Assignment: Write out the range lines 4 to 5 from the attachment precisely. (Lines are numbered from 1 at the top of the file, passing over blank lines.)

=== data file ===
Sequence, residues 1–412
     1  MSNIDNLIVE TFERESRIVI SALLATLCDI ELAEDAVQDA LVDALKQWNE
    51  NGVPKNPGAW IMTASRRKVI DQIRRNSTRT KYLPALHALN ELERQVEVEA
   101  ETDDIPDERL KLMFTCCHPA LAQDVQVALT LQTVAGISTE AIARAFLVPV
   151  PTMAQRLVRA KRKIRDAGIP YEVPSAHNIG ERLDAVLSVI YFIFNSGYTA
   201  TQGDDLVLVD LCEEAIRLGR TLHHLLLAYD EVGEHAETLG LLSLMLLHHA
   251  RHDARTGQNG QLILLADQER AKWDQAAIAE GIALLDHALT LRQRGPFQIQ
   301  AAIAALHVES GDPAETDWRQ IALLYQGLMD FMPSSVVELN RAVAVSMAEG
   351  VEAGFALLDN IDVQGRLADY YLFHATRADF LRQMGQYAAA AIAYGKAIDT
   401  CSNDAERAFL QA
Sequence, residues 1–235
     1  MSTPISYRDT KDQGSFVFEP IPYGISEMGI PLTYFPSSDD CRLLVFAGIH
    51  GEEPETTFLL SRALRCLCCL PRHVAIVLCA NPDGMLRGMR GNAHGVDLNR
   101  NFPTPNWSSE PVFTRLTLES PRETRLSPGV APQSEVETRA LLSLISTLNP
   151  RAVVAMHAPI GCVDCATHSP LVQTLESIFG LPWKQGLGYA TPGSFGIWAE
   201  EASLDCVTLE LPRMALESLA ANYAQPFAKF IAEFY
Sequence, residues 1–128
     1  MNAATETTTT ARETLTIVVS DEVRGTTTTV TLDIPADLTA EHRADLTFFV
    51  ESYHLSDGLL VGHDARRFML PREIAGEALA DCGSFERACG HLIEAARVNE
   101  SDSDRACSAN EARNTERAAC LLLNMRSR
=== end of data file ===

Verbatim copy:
   101  ETDDIPDERL KLMFTCCHPA LAQDVQVALT LQTVAGISTE AIARAFLVPV
   151  PTMAQRLVRA KRKIRDAGIP YEVPSAHNIG ERLDAVLSVI YFIFNSGYTA